Risk and Protective Factors
Suicide prevention seeks to reduce the factors that increase suicide risk while increasing the factors that protect people from suicide.
Risk factors are characteristics of a person or his or her environment that increase the likelihood that he or she will die by suicide (i.e., suicide risk).
Major risk factors for suicide include:
- Prior suicide attempt(s)
- Misuse and abuse of alcohol or other drugs
- Mental disorders, particularly depression and other mood disorders
- Access to lethal means
- Knowing someone who died by suicide, particularly a family member
- Social isolation
- Chronic disease and disability
- Lack of access to behavioral health care
Risk Factors Can Vary Across Groups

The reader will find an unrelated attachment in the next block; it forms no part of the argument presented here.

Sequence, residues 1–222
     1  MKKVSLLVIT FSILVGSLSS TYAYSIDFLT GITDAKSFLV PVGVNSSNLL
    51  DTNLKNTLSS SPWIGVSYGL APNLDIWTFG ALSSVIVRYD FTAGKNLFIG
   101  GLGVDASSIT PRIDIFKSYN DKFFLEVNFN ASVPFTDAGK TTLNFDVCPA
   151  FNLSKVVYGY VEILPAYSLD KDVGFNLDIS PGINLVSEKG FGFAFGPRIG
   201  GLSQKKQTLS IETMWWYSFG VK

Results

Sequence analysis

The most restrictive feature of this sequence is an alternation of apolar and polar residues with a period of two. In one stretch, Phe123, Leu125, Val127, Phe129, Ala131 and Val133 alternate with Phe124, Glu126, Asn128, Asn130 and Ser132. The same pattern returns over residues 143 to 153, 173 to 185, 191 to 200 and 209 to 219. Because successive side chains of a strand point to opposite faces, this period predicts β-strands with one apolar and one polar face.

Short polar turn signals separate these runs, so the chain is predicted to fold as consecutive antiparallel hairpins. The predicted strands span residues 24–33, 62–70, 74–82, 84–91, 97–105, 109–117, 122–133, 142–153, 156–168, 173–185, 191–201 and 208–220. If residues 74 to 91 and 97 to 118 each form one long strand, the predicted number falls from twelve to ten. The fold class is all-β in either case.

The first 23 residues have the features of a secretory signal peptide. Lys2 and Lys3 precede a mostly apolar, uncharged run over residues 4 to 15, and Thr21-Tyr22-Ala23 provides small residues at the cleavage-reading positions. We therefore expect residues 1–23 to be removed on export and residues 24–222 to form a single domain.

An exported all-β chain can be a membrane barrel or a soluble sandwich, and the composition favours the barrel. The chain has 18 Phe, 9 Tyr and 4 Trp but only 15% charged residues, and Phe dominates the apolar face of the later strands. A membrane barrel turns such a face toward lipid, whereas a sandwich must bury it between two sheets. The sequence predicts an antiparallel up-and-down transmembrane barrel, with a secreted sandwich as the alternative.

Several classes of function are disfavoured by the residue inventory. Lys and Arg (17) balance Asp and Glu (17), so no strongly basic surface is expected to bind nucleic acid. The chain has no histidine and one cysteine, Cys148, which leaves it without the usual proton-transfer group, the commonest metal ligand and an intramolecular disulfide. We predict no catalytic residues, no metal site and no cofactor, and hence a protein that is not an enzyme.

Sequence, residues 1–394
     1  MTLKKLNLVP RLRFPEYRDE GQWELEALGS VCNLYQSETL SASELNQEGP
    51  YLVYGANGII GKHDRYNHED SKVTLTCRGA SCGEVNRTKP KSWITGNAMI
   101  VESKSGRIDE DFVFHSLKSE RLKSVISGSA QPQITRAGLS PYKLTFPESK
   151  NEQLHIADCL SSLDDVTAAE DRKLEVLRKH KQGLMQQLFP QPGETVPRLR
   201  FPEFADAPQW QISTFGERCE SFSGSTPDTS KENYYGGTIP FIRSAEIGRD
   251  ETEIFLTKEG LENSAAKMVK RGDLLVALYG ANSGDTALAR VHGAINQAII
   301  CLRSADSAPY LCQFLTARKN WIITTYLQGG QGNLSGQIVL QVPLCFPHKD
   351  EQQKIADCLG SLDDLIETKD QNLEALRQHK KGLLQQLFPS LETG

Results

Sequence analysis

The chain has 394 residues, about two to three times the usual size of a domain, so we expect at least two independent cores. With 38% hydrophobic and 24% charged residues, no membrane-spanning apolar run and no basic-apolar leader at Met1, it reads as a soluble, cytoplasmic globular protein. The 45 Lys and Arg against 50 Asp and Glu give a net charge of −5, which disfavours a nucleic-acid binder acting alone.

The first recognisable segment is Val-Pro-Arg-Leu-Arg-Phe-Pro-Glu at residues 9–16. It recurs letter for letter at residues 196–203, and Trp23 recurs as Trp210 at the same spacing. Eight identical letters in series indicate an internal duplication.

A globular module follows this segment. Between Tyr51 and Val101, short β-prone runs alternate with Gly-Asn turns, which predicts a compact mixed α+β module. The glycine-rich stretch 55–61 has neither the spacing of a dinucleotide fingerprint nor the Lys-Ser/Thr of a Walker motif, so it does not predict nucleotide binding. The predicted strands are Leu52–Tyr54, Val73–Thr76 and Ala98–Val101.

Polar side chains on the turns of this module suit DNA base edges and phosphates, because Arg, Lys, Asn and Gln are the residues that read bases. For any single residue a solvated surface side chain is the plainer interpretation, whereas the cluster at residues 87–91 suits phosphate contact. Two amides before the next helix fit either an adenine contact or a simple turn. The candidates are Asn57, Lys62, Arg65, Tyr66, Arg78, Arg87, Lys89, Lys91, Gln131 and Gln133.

Risk factors can vary by age group, culture, sex, and other characteristics. For example:
- Stress resulting from prejudice and discrimination (family rejection, bullying, violence) is a known risk factor for suicide attempts among lesbian, gay, bisexual, and transgender (LGBT) youth.
- The historical trauma suffered by American Indians and Alaska Natives (resettlement, destruction of cultures and economies) contributes to the high suicide rate in this population.
- For men in the middle years, stressors that challenge traditional male roles, such as unemployment and divorce, have been identified as important risk factors.
Protective factors are personal or environmental characteristics that help protect people from suicide.
Major protective factors for suicide include:
- Effective behavioral health care
- Connectedness to individuals, family, community, and social institutions
- Life skills (including problem solving skills and coping skills, ability to adapt to change)
- Self-esteem and a sense of purpose or meaning in life
- Cultural, religious, or personal beliefs that discourage suicide